Currently in the news > the French aren’t happy about English terminology, the release of a great new book on translation and a look at global mobile phone use and cultural differences!
Josep Gonzalez, Head of the British school of Barcelona, seizes International Language Day to stress the importance of multilingualism. Gonzalez believes it is important for a child to learn multiple languages, as this can further their careers and can benefit the travelling student. However, it is also important because it teaches the student about culture. Even though every school should find an approach to teaching multiple languages that fits their curriculum, Gonzalez states that multilingualism should be promoted to give school children a head start in life. Read more
You might have missed it, but 30 September was International Translation Day! It might seem strange to dedicate an entire day to the act of translation, but it is a good way to create awareness about the amount of translation that we encounter on an everyday basis. To celebrate this utterly important holiday, Nataly Kelly has come up with ten reasons why translation is more important than we think. Read more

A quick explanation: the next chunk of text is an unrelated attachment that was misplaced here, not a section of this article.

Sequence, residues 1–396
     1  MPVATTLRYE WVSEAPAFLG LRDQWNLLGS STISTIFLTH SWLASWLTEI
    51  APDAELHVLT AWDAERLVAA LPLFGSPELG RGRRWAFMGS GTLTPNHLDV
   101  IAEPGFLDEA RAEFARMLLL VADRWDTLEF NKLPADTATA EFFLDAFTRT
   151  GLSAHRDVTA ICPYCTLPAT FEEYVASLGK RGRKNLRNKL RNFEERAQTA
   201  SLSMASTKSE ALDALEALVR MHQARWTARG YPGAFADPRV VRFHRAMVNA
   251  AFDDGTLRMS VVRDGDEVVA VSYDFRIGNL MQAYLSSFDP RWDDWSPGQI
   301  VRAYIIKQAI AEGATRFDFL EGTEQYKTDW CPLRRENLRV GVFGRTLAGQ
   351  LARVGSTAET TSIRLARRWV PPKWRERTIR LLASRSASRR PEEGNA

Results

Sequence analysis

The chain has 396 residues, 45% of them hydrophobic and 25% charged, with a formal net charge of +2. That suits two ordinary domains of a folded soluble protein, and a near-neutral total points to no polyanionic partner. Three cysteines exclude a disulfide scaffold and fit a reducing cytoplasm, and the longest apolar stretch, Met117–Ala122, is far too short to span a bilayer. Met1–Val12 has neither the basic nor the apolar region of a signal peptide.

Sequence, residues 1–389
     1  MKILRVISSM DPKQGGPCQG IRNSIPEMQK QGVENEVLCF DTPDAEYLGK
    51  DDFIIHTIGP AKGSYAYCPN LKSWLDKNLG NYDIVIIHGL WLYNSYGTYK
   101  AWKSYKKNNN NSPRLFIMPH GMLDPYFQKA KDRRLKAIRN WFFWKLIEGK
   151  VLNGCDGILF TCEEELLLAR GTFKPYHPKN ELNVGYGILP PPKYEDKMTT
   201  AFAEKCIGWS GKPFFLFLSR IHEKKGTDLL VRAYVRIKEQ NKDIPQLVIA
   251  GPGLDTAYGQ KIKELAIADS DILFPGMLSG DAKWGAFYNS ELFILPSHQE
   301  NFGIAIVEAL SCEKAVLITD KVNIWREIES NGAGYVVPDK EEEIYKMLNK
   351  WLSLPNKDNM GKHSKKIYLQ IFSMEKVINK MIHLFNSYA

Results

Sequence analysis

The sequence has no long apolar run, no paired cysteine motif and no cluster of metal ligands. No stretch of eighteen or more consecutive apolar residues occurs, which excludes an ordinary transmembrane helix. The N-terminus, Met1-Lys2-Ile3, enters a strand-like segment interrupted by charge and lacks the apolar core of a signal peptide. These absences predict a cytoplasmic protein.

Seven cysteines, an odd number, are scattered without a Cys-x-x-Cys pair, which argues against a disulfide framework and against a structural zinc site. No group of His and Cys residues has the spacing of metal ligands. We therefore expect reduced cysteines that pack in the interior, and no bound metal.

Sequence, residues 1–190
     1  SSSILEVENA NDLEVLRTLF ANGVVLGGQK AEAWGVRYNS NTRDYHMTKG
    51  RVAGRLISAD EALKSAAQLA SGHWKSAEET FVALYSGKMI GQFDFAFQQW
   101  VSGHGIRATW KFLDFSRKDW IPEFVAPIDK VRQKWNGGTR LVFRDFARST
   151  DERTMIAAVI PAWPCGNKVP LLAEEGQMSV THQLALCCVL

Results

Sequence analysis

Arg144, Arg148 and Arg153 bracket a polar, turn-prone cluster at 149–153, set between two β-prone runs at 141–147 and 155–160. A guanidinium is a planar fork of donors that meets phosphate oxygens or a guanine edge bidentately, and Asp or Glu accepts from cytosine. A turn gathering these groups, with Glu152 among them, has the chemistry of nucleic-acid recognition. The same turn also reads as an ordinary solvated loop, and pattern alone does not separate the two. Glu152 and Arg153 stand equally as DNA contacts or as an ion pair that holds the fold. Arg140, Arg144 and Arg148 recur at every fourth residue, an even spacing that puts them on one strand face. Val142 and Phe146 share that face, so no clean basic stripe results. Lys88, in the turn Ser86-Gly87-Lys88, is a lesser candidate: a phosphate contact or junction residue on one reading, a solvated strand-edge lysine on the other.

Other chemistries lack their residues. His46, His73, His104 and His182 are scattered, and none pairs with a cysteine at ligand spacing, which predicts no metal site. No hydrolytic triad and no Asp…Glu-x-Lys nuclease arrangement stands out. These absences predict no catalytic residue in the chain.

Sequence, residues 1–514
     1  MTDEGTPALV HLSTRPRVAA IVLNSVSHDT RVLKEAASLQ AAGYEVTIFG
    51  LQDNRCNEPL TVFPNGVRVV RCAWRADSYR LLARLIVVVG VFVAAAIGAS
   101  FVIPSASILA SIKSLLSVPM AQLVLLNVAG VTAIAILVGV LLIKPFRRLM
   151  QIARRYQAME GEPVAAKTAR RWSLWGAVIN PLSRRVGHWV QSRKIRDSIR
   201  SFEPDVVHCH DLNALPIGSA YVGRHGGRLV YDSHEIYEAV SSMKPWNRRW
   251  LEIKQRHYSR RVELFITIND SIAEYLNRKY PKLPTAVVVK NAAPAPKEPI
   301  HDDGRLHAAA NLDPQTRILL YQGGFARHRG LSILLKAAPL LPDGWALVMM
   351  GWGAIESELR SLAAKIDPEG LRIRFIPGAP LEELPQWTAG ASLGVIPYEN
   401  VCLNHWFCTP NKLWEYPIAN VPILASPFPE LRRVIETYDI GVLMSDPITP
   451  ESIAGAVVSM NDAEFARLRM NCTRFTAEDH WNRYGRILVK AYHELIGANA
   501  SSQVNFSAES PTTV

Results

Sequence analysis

At Swansea University, an online tool has been developed that is able to compare the 37 German translations of Act One, Scene Three of Shakespeare’s Othello. This tool is remarkable because it can calculate the “Eddy value” of a line, i.e. the degree of distinctness of a translation in comparison to other translations. In addition, the tool uses colours to indicate how many different translations there are of one single line and can display the various formats of the translations with the “alignment” tool. As the tool now only covers a very small part of one play, more funding is needed to enable the tool to encompass more scenes and more plays.
Even though mobile phones are a global phenomenon, there are major cultural differences regarding their use. This article gives an overview of mobile phone culture in various countries. The public use of a mobile phone, for example, differs greatly per country. Take for example Japan: here, it is considered rude to use your mobile phone in public. People in Spain, however, even answer their phones in business meetings. From “flashing” in Africa to answering your phone in movie theatres in India: read the article for more interesting facts about the cultural implications of mobile phones! Read more
by Elise Kuip